Human Rights, Anti-mosque Law and Anti Cult Squad challenged by FOB at the OSCE Meeting in Warsaw

Alessandro Amicarelli - OSCE 2015

1 October 2015 — “The Italian government shall clarify about the anti-mosque legislation passed by Lombardy and about the Anti Cult Squad of the State Police”, Alessandro Amicarelli, spokesman of FOB (European Federation for Freedom of Belief), has addressed with his statement the plenary assembly of OSCE/ODIHR at Warsaw (see the video).

If on one hand the criticisms about the workship places legislation pushed by the Northern League have caused reactions all around Europe due to the criminalisation of minority religions and Islam, on the other hand it’s the third consecutive year that the Italian government is officially demanded at the OSCE/ODHIR Meeting to issue clarifications in respect of this original unit of the Police, created in 2006 with a simple circular letter of the then Chief of the Police – three times in the recent past, members of the Italian Parliament have inquired about such Anti Cult Squad too.

In fact even though never the Anti Cult Squad has caught any single dangerous group through its investigations, it has caused instead a number of prejudices to people that have found themselves involved in undue proceedings; it has also provoked doubts in regards to its only expert, a Roman Catholic priest who is well known for his opinions about secularism and civil rights issues as well as for his involvement with anti cultic associations connected to the suspicious French organisation called FECRIS, which has transversally been accused against at international level on the ground of violating religious freedom.

FOB expresses concerns about the prompt response received from the representative of the Italian government, who while on one hand has not provided any reassurements about the “anti-mosque” legislation enforced in Lombardy, on the other hand instead has asserted the need of such Anti Cult Squad of the Italian Police because of the presence of unidentified “satanic cults”.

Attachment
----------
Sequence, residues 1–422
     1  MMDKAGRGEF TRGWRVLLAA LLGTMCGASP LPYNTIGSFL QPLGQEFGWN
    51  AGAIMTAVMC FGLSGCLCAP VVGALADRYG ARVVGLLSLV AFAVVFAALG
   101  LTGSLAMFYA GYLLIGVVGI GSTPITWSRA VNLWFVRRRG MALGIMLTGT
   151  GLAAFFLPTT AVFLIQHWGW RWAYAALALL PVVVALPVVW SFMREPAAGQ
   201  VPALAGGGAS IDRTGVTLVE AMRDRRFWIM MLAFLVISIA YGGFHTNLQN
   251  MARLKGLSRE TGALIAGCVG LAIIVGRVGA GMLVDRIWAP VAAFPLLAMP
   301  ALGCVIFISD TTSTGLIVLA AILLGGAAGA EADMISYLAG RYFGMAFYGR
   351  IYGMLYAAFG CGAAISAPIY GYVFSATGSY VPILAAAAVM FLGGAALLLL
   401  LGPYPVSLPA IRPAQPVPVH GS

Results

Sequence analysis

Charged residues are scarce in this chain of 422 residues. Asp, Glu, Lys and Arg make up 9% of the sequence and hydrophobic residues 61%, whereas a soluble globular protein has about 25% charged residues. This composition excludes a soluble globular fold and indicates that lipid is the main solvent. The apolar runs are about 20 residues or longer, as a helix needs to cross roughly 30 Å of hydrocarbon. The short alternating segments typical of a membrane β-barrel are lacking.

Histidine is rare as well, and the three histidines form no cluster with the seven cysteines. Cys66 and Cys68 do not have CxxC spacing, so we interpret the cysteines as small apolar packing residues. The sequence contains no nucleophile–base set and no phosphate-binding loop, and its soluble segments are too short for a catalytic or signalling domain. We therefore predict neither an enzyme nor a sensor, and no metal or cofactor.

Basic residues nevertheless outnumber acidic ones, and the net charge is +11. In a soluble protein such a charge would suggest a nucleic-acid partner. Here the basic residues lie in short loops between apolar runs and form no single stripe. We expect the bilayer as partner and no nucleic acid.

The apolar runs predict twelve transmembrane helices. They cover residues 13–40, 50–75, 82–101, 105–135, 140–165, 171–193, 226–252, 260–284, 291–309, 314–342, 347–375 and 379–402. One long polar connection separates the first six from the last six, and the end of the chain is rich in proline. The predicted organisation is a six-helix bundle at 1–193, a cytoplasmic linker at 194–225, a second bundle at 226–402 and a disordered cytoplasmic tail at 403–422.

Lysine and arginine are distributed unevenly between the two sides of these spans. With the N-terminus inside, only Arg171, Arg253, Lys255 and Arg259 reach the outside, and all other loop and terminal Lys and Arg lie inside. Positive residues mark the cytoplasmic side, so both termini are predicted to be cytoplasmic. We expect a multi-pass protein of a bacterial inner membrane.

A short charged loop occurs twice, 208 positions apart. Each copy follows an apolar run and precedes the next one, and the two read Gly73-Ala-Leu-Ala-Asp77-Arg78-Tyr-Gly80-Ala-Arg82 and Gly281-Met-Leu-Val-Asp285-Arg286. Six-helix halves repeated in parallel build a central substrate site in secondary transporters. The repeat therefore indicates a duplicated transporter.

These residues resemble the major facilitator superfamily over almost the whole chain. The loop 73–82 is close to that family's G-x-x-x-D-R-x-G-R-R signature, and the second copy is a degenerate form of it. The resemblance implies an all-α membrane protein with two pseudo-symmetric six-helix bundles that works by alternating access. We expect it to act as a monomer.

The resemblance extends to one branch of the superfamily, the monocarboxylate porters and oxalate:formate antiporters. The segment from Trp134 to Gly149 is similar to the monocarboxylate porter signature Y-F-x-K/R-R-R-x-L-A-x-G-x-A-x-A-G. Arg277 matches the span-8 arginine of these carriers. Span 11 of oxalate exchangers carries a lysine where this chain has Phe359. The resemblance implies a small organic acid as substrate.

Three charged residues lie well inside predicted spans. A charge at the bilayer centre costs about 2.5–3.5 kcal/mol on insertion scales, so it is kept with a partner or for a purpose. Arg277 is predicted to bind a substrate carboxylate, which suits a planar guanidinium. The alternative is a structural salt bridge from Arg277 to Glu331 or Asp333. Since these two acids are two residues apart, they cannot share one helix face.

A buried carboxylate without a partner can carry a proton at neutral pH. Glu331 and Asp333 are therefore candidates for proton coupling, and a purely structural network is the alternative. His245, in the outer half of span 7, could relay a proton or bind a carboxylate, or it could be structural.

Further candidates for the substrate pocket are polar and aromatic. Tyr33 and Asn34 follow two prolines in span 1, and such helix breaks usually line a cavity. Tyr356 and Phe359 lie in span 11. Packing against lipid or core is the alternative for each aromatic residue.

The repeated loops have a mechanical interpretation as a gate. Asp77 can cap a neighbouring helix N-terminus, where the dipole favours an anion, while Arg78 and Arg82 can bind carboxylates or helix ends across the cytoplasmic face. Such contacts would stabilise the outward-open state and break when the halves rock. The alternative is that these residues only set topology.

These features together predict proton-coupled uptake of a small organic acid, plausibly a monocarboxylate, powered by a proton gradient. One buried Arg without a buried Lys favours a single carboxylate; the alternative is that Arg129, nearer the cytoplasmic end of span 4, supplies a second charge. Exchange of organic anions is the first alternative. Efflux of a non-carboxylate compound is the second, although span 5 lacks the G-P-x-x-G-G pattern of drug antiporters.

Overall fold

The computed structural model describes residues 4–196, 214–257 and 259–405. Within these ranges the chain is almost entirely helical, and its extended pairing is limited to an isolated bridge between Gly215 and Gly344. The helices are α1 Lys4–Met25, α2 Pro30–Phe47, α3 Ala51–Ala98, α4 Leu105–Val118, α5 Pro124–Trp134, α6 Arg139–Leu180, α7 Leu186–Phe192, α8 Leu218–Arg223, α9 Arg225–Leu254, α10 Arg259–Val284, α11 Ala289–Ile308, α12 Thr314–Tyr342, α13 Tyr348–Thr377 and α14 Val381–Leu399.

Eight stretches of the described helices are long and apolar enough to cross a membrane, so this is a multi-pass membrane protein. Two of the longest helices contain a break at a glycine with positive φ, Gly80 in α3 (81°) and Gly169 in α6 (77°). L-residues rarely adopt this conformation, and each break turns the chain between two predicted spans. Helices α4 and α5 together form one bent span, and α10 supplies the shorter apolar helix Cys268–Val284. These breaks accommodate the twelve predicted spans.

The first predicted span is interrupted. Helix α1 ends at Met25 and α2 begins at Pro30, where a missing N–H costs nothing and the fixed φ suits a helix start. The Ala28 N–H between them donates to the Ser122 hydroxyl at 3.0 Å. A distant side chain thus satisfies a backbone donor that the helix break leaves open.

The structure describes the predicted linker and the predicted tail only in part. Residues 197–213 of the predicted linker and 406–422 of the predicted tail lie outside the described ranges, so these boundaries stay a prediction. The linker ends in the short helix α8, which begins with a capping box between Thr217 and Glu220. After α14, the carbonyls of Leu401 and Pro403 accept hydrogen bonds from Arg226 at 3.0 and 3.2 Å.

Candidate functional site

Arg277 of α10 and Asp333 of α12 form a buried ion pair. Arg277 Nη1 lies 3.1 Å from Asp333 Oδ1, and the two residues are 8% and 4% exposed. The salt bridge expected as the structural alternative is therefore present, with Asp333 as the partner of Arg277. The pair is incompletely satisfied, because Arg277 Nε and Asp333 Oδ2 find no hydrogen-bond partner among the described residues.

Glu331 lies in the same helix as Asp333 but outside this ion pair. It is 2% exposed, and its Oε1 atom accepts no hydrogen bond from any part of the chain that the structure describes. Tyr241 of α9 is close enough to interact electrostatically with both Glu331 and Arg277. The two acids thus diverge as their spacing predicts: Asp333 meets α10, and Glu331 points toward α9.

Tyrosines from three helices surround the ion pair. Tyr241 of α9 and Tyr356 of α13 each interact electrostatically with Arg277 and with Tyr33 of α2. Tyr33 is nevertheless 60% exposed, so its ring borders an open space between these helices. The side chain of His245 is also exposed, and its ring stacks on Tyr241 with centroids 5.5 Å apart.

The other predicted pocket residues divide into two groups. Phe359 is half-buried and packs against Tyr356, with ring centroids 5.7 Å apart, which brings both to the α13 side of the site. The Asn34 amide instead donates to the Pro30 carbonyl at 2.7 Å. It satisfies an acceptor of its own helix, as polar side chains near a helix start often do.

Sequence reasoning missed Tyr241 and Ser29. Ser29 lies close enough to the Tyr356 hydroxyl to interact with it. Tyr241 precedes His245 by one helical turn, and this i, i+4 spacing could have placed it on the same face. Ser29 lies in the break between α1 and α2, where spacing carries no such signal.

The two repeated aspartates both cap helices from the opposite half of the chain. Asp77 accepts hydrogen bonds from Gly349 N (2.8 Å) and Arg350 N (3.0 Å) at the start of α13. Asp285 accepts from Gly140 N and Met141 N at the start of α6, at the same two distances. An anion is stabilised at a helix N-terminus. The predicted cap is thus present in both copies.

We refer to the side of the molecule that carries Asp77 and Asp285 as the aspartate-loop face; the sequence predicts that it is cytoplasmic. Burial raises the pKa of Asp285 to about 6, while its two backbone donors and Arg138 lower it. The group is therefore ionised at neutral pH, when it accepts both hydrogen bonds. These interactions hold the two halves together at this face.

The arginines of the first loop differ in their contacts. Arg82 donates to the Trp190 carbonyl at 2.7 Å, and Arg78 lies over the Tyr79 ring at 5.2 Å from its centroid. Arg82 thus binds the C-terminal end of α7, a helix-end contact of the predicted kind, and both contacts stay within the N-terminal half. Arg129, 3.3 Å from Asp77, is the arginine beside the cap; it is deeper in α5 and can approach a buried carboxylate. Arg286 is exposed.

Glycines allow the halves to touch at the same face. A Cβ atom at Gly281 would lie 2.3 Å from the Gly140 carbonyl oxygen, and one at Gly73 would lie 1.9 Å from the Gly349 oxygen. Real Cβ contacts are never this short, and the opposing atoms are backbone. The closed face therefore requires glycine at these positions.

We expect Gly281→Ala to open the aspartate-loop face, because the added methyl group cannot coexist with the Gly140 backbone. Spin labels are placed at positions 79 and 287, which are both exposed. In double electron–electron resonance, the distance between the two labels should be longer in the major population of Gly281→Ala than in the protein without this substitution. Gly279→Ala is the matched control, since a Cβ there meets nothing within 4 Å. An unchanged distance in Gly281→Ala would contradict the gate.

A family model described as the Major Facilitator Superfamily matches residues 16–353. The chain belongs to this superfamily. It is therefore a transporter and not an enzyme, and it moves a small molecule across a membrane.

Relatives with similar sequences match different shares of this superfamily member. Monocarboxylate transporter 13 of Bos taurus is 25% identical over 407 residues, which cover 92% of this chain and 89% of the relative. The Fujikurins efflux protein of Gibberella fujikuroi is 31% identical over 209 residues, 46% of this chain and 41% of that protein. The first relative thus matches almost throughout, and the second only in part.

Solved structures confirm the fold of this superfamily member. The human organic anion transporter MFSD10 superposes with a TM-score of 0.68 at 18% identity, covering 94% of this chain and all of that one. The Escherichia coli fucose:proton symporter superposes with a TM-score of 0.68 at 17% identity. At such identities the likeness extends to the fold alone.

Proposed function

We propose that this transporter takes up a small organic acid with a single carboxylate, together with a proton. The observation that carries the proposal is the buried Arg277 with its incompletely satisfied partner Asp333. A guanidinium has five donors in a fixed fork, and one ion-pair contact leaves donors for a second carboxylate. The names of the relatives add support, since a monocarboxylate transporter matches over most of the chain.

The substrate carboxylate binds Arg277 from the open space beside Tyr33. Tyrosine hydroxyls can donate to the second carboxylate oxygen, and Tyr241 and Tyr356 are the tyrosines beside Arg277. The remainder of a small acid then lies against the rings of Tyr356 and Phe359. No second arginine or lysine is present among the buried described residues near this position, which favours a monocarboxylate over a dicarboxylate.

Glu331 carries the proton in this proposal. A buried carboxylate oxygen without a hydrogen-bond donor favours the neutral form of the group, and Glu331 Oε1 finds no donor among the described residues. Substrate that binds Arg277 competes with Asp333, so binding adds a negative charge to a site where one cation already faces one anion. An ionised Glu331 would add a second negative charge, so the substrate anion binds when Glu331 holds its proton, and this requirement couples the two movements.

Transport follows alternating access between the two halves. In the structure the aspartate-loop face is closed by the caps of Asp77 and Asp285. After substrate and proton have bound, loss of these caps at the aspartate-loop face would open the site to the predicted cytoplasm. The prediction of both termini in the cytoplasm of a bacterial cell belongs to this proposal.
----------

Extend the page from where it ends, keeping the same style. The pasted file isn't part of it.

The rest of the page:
Since the case of the “Children of Satan” – all of them compensated with 100,000 Euros pro capite for undue detention – so far not a single case involving any “satanic cult” in Italy has never ended with criminally relevant findings in the courts : conversily a number of innocent people have been unduly detained and have been made subject of the public lies even though they had not committed any crimes; then provided the only one case (Beasts of Satan, 2004) that had some relevance from the point of view of criminal investigations, had no links with any religious or spiritual or sectarian dimension (such expression “sectarian” has been judged by the Council of Europe as both confusing and discriminatory and has consecutively advised States not to employ it), and being it also clear there are no real concerns about safety of the population, the question is : why should the taxpayers in Italy fund a unit of the Police that keeps under control some religious groups, and not others, on the basis of the classification of groups as cults remitted to ultraist priests and controversial organisations?